Author: Anoma Ranaweera, Medical Writer, Auckland, New Zealand. DermNet Editor in Chief: Adjunct A/Prof Dr Amanda Oakley, Dermatologist, Hamilton, New Zealand. Copy edited by Gus Mitchell. October 2019.
Calcipotriol/betamethasone dipropionate foam (trade name Enstilar®) is a dual-action investigational aerosol foam containing calcipotriol, a vitamin D analog, and betamethasone dipropionate, a corticosteroid.
Enstilar is specifically indicated for the topical treatment of plaque psoriasis in patients 18 years of age and older.
Enstilar is supplied as a foam for topical administration and is applied to affected areas once daily for up to 4 weeks. Treatment is discontinued when control is achieved.
The FDA approval of Enstilar foam in 2015 was based on two multicentre, randomised, double-blind trials conducted in patients with plaque psoriasis.
The product is also approved for the treatment of psoriasis in Australia, Canada, and the European Union. It has not yet been approved in New Zealand as of October 2019.
Trial 1 patients (n = 302) were randomly assigned to receive :
Trial 2 patients (n = 426) were randomly assigned to receive :
Disease severity was graded using a 5-point Investigator’s Global Assessment (IGA) scale. Treatment success defined as the proportion of patients at week 4 who were ‘Clear’ or ‘Almost Clear’ according to the IGA. Subjects with ‘Mild’ disease at baseline were required to be ‘Clear’ to be considered a treatment success.
The majority of subjects in both trials (76% and 75%, respectively) had a disease of moderate severity at baseline, 14% and 15% had a disease of mild severity at baseline and 10% had a severe disease at baseline in both trials.
The extent of disease involvement assessed by mean body surface area was 7.1% (range 2 to 28%) and 7.5% (range 2 to 30%) in trials 1 and 2, respectively.
In both trials, patients were treated once daily for up to 4 weeks.
The percentage of psoriasis patients achieving treatment success, according to the Investigator’s Global Assessment of Disease Severity, was 45% in the Enstilar foam group, 30.7% for betamethasone dipropionate in the vehicle and 14.9% for calcipotriene in vehicle.
Results for the primary endpoint 'treatment success' (IGA) at week 4 showed Enstilar to be statistically significantly more effective than all the comparators included and responses were observed in all categories of baseline disease severity.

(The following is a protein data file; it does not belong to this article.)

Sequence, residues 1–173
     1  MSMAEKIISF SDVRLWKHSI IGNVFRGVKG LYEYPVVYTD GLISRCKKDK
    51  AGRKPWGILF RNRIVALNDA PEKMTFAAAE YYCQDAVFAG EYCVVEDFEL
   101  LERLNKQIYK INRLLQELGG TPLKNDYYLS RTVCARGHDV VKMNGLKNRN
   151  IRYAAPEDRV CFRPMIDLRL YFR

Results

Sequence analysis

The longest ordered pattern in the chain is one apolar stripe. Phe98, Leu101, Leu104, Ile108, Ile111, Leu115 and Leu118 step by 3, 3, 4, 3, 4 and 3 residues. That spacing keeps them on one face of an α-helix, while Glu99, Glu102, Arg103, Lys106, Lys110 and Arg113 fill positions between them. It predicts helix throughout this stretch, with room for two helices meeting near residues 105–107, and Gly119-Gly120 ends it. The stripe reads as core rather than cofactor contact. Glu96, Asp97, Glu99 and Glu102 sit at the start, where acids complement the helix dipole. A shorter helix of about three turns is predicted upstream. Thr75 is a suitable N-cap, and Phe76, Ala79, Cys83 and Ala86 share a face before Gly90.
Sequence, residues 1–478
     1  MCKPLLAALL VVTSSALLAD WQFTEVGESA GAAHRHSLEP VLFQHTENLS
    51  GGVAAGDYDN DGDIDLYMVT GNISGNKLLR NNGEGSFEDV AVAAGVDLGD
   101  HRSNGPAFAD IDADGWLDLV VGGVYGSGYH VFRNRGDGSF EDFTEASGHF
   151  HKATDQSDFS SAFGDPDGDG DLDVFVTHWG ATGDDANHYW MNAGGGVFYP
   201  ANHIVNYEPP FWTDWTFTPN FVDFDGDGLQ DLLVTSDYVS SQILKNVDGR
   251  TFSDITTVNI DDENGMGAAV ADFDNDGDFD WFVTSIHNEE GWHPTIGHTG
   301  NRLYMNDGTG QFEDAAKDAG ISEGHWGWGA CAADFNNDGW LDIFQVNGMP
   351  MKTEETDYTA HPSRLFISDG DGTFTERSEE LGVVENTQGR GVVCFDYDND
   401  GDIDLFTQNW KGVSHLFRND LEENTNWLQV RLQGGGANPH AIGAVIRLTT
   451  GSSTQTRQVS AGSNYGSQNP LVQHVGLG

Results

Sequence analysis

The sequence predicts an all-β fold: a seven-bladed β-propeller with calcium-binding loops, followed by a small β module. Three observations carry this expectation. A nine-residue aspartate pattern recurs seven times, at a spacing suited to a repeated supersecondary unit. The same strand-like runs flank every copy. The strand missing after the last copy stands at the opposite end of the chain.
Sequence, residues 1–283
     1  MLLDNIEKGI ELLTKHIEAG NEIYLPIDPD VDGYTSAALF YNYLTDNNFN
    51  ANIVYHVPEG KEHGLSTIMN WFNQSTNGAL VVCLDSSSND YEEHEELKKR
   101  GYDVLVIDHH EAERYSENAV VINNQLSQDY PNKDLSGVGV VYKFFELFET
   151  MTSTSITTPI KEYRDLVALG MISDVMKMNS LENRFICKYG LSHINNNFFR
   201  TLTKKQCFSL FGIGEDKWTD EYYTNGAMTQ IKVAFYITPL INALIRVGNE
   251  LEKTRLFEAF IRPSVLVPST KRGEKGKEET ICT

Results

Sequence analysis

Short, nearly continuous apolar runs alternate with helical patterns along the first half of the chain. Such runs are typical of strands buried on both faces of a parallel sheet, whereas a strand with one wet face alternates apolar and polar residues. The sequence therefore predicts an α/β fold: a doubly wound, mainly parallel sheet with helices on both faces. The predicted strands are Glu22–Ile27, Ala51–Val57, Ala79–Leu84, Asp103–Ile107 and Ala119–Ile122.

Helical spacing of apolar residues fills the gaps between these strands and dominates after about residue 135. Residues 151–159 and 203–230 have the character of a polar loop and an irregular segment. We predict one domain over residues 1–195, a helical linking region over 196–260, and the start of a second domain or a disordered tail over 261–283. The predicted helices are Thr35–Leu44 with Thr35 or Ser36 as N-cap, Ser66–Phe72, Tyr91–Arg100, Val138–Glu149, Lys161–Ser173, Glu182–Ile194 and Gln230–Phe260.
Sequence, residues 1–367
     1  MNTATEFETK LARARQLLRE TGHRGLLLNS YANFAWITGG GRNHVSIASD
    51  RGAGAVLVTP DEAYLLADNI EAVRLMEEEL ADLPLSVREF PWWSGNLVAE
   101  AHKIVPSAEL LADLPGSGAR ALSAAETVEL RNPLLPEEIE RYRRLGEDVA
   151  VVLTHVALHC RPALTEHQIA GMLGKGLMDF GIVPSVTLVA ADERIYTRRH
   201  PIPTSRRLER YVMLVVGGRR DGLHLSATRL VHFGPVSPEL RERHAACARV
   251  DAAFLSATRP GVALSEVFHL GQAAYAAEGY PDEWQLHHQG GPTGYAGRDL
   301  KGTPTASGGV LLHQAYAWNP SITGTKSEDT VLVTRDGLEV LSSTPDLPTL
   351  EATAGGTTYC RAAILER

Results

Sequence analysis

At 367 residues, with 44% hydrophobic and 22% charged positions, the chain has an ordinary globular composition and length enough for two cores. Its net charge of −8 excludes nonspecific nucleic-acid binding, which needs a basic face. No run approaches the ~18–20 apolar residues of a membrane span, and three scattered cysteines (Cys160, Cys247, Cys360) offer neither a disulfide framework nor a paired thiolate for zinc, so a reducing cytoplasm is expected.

The effect of Enstilar on itch and itch-related sleep loss was investigated in Trial 1 using a visual analogue scale (VAS) ranging from 0 mm (no itch/no sleep loss at all) to 100 mm (worst itch you can imagine/worst possible sleep loss).
A statistically significantly higher number of patients in the Enstilar group compared to vehicle achieved a 70% reduction in itch and itch-related sleep loss from day 3 and throughout the treatment period.
The percentage of psoriasis patients achieving treatment success according to the Investigator’s Global Assessment of Disease Severity was 53.3% in the Enstilar foam group and 4.8% in the vehicle only group.
In trial 2, the effect of Enstilar on scalp psoriasis was investigated as the percentage of patients with 'treatment success' according to the PGA of the scalp at Week 4.
The percentage of subjects with 'treatment success' according to the PGA of the scalp at Week 4 was 53% in the Enstilar foam group, 47.5% in the betamethasone dipropionate in the vehicle group, and 35.6% in the calcipotriene in the vehicle only group.
Enstilar was statistically significantly more effective compared to calcipotriene and also associated with a higher rate of treatment success than betamethasone dipropionate, but this comparison did not reach statistical significance.
The estimation of the frequency of adverse reactions is based on a pooled analysis of data from clinical studies.
Adverse effects associated with the use of Enstilar include the following:
Health-related quality of life (HRQoL) measures provide patient-centred evaluations of response to treatment.
In the 12-week, Phase III PSO-ABLE study, fixed-combination calcipotriol 50 μg/g as hydrate (Cal) plus betamethasone 0.5 mg/g as dipropionate (BD) aerosol foam was significantly more effective for the treatment of psoriasis than Cal/BD gel .
HRQoL was assessed using the Dermatology Life Quality Index (DLQI), EuroQoL, and Psoriasis QoL (PQoL-12) questionnaires at baseline and weeks 4, 8, and 12.
Itch, itch-related sleep loss, and work impairment were also assessed.
463 patients were randomised to Cal/BD foam (n = 185), Cal/BD gel, (n = 188) foam vehicle (n = 47), and gel vehicle (n = 43).
Significantly more Cal/BD foam patients achieved DLQI scores of 0/1 at weeks 4 (45.7% vs 32.4%; p = 0.013) and 12 (60.5% vs 44.1%; p = 0.003) than Cal/BD gel patients.
Cal/BD foam significantly improved EQ-5D utility index (0.09 vs 0.03; p < 0.001) and PQoL-12 scores (-2.23 vs -2.07; p = 0.029) from baseline to week 4 versus Cal/BD gel.
Itch, itch-related sleep loss, and work impairment improved more with Cal/BD foam than gel.
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